The Power of Combining Food and Housing Assistance
Could streamlined application processes for nutrition assistance and housing assistance help families’ outcomes while also reducing duplicative bureaucracy? A recent study in the Journal of Applied Research on Children finds the answer is yes. Using a sample of more than 36,000 caregivers of children under age three selected at urban medical centers in seven U.S. cities, the researchers asked families about nutrition and housing benefits, crowding, and the number of moves in the previous year. Families receiving both federal nutrition and housing assistance were substantially more likely to be “housing secure” (defined as a lack of residential crowding or frequent moves). The analysis looked at six groupings: (1) families receiving no benefits, (2) families receiving housing assistance only, (3) families receiving nutrition assistance through “WIC” only, (4) families receiving both housing assistance and WIC, (5) families receiving nutrition assistance through both WIC and “SNAP,” and (6) families receiving all three benefits. The seven cities in the study were Baltimore, Boston, Little Rock, Los Angeles, Minneapolis, Philadelphia, and Washington, DC.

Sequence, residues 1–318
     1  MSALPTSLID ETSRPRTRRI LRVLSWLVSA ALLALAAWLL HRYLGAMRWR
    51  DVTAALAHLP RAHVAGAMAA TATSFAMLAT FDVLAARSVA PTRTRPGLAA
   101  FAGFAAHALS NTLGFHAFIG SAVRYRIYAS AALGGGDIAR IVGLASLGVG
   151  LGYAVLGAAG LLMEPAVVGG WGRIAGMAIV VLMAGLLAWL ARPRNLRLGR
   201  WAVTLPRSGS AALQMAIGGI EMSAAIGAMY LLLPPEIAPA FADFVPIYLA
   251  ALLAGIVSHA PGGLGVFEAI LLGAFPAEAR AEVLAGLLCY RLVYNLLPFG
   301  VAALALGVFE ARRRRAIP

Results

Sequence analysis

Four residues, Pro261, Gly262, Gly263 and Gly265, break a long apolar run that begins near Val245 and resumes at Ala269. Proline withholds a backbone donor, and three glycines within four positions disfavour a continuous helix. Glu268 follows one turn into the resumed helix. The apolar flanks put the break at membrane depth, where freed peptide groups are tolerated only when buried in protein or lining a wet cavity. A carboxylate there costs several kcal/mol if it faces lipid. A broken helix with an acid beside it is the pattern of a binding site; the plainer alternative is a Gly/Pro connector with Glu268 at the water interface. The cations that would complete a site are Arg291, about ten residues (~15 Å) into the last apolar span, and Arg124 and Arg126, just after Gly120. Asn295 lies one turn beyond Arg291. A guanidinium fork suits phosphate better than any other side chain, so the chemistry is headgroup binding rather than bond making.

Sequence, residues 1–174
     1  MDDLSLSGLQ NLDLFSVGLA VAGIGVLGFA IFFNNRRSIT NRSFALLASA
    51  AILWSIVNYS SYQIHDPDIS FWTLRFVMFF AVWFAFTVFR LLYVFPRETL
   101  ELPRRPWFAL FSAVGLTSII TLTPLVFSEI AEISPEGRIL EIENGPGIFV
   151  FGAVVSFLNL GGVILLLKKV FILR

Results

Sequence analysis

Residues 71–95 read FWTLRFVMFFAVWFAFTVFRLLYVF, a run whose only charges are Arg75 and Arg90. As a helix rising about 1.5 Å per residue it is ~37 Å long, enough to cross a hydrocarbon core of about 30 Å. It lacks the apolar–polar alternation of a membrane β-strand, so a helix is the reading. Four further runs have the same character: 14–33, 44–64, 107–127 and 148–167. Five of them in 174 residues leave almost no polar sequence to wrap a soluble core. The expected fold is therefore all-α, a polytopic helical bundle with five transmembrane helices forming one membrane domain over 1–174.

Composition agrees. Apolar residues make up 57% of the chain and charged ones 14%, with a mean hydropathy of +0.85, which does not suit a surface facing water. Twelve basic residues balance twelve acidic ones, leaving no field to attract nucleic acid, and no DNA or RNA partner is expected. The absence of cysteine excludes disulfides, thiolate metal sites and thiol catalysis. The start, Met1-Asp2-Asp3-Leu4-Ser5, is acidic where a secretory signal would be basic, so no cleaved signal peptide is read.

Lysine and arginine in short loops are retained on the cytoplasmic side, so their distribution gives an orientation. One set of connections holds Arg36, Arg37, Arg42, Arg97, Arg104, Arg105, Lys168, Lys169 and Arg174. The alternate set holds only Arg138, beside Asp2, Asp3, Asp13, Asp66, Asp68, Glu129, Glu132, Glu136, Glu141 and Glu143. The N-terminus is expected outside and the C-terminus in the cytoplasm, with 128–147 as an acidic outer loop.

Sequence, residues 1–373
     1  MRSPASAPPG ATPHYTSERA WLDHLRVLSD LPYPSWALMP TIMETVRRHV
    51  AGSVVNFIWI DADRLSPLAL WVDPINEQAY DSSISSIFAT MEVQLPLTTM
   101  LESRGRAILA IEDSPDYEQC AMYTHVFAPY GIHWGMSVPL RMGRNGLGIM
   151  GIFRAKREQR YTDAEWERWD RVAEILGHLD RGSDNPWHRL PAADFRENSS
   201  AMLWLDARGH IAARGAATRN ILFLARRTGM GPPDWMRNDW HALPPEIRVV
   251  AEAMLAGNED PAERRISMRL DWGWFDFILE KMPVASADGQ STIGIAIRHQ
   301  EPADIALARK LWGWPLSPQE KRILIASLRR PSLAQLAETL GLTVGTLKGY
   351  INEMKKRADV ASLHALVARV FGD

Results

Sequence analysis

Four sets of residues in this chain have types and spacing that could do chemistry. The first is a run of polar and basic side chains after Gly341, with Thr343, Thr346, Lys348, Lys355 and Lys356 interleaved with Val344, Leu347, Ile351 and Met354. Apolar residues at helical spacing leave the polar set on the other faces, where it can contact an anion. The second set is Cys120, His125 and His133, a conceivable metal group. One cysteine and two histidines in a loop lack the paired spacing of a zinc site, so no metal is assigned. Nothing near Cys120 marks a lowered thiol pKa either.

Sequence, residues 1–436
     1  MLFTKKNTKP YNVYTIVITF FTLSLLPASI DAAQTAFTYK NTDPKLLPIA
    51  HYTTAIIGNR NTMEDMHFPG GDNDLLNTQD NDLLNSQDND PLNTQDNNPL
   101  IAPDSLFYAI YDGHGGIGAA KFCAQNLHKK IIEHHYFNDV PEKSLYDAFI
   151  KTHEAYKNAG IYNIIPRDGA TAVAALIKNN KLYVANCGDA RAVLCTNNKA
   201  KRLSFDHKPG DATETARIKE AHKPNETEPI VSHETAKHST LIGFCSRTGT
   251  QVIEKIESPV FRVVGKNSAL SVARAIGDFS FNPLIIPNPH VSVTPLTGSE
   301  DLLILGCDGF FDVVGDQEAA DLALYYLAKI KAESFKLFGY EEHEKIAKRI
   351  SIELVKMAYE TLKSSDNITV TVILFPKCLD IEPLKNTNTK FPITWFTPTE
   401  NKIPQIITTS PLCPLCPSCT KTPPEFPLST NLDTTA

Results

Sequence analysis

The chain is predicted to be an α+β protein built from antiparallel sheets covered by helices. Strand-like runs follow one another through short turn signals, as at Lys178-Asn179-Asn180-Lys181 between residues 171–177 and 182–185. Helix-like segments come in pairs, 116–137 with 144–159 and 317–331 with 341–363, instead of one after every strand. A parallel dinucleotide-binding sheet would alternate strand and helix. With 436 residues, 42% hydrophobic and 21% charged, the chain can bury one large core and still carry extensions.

- For low-income families with very young children, overcrowded housing and/or moving frequently are quite common. In the sample, less than half (49%) were “housing secure.”
- Housing subsidies support residential stability and adequate space for low-income, urban families with young children, but they are more potent when combined with food subsidies.
- Housing security was highest (72.6%) among families receiving WIC, SNAP, and housing assistance. Housing security was lowest (42.0%) among families receiving only WIC.
- A dual application for housing assistance and nutrition assistance could increase families’ housing security.